The fourth-grader’s scream cut through the beautiful fall day and whipped my head around. It was the final day of our bike safety class at Roseway Heights in Northeast Portland, we had just started our community ride, and I was sure someone had already lost a leg.
Nope. It was just leaves on the ground.
“What’s wrong?!” his classmates asked.
“Leeeeeeaves! They are enemies of the bike,” he said with a huge smile.
For fourth graders, mock-freaking-out about things (squirrels, dog poop, leaves…) is a lot of fun, especially if there are adults around to witness the scene and treat you like you’re crazy. Soon the whole front of the line was screaming about every leaf they saw. Exaggerated fears about slipping on leaves gave way to stories about being eaten by leaves.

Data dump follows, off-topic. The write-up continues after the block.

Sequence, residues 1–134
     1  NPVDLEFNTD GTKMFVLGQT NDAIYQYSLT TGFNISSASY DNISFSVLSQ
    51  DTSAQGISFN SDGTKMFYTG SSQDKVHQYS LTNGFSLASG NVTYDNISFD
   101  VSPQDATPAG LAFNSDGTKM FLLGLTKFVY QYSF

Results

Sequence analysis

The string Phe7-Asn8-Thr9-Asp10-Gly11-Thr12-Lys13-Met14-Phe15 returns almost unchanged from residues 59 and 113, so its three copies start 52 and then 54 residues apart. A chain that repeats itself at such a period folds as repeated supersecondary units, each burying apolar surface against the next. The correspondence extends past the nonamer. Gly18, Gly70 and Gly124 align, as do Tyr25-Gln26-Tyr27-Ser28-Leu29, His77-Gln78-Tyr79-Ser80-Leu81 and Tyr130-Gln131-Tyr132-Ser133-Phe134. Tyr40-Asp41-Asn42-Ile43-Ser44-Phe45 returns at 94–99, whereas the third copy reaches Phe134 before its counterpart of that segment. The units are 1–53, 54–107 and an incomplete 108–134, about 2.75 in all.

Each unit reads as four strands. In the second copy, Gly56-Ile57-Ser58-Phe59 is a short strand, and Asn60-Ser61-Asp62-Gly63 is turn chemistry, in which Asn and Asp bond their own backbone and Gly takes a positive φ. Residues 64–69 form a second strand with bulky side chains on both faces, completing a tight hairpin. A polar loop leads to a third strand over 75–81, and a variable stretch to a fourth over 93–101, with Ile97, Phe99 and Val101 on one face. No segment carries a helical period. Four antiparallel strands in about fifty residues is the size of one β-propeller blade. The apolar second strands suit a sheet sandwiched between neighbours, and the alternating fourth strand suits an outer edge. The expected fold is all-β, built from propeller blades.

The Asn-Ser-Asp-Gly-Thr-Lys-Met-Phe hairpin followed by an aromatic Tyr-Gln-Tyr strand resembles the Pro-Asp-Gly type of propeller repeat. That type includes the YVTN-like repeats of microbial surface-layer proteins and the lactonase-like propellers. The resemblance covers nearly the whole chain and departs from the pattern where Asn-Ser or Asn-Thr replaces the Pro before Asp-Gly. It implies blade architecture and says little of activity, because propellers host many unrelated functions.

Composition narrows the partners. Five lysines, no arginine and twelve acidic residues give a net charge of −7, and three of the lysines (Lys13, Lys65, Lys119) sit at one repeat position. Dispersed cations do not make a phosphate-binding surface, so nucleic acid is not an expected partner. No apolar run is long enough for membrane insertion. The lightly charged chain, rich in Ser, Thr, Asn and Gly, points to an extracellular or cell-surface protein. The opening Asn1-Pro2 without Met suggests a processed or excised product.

“They got Bob last week,” Andy said, dryly, looking out over the blazing maples on the Rose City Golf Course.
As a teacher, I was dutybound to turn their fun into one of those boring “teachable moments.” We agreed that the two things you should never try to do while biking across anything slippery (wet leaves, ice, metal surfaces) are 1) turning and 2) changing speed. I begrudgingly added “Wheelies” to the list after some discussion.
So this is your reminder. Watch out for leaves when you’re on your bike. All of ‘em. As any Roseway Heights fourth grader could tell you, they’re enemies of the bike. And watch it with those wheelies.